No SPWBThere was an era when British stage comedy was at it’s zenith with plays that became known as Whitehall Farces. So named because they were always staged at the Whitehall theatre, and produced by Brian Rix. Many were later filmed and enjoyed success on the big screen and “No Sex Please” is one of them. Ideal light entertainment if you are stuck in a hotel in North Wales on a very wet weekend. No foul language, no extreme violence, no Americans!  [Read more…]

Family Guy (USA 1999 – till the end of the world )

family-guy-690% of the jokes in “Family Guy” fall into one of 3 categories: 1) Jokes making fun of pop culture (especially old TV shows and celebrities) 2) Gags that run so long that they become absurd 3) Flashbacks, most of the time introduced with “This is more ___ than that time I ___” There are plenty of people who don’t buy it, but I like it despite having to take breaks when I don’t watch it for six months at a time. It does pander to the crowd of let’s hurl a hundred cruel jokes at the dartboard. They have to hit something! They do but it is usually at the expense of character and cohesiveness that other shows have and Family Guy sorely lacks. [Read more…]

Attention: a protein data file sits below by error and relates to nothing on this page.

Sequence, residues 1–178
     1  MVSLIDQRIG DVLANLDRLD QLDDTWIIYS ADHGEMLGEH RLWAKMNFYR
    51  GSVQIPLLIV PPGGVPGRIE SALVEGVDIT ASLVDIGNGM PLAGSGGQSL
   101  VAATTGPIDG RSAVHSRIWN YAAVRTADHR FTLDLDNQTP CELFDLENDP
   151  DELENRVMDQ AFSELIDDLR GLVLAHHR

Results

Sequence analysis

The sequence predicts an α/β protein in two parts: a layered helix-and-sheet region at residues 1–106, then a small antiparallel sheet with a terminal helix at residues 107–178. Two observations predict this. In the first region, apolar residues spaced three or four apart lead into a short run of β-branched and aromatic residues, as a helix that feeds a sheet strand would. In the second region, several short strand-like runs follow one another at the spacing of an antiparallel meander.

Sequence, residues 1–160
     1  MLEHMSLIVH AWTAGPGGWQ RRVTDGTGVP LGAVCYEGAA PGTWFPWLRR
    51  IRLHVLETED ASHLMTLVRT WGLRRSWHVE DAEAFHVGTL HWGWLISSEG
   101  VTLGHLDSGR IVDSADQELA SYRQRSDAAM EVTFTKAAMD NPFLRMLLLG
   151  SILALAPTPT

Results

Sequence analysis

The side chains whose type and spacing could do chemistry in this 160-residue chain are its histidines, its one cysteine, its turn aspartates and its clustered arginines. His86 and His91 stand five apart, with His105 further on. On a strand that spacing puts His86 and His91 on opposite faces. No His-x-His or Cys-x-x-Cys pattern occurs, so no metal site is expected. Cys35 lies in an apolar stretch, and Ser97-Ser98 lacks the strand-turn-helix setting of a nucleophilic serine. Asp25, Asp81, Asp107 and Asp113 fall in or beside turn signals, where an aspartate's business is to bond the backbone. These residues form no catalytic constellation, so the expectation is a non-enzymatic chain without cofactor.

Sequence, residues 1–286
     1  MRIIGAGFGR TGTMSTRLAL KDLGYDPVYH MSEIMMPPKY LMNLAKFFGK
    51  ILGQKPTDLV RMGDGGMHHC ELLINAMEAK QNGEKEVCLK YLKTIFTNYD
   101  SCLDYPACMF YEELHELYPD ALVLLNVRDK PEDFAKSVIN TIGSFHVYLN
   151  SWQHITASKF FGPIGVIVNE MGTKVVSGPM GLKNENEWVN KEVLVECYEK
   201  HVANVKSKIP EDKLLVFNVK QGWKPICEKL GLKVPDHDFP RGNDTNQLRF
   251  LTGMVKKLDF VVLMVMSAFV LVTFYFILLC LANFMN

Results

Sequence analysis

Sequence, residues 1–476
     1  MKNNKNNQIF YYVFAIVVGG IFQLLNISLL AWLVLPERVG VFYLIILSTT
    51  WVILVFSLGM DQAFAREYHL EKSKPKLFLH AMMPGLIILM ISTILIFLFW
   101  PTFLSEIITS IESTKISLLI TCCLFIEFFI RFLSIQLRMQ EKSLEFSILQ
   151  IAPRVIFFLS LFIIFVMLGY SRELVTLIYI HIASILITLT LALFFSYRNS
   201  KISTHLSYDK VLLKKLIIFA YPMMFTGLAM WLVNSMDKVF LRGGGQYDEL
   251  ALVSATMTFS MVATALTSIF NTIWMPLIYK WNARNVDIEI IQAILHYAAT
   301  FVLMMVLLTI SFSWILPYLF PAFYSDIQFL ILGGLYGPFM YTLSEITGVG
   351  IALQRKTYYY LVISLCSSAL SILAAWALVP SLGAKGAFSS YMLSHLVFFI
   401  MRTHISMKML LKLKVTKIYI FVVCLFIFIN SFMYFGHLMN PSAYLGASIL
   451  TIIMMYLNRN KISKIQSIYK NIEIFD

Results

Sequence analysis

The Howling (1981 USA)

howlin The humour may be the most widely regarded facet of this furry tale. However, in the end this is a horror film, and a damn scary one, largely because it never gets carried away with the comedic elements. Director Joe Dante, who at this point was best known for the cult classic, Piranha, updated werewolf folklore by applying it to two of the more popular horror trends of the time: female paranoia, and the fear of non-urban environments. [Read more…]

Carry On Jeeves (P G Wodehouse)

bookPGW revels so much in the richness of the English language to get his laughs and there’s never so much as one word in his prose that’s surplus to requirement, or indeed a passage approaching anything less than perfect in its pace or construction. It’s as if his work was edited by some sort of super human deity. There is nothing jarring or awkward; just fabulous comic writing page after page, time and time again. [Read more…]

Wilt (Tom Sharpe)

articleCompellingly hilarious from start to finish. Tom Sharpe was a great British humourist and Wilt is possibly his best loved book. Sharpe drew on his experiences as a polytechnic lecturer in conceiving the character of hapless and unhappily married Henry Wilt, who spends his days teaching Lord of the Flies to disinterested apprentice butchers and his nights fantasizing about killing his less than sympathetic wife, Eva. [Read more…]

I’m Looking Through YouTube (For Funny Beatles comments)

beatles-1969Some people’s favourite band have always generated vast amounts of personal opinion from the public. It seems inexhaustible and I am guilty of adding to it here. Paul gets bashed the most, but I found insults aimed at all four. Yes, it can be much fun to read strangers opinions on all this analyzing of Liverpool’s Fab Three (+ Ringo)…with add – ons from this blogger. [Read more…]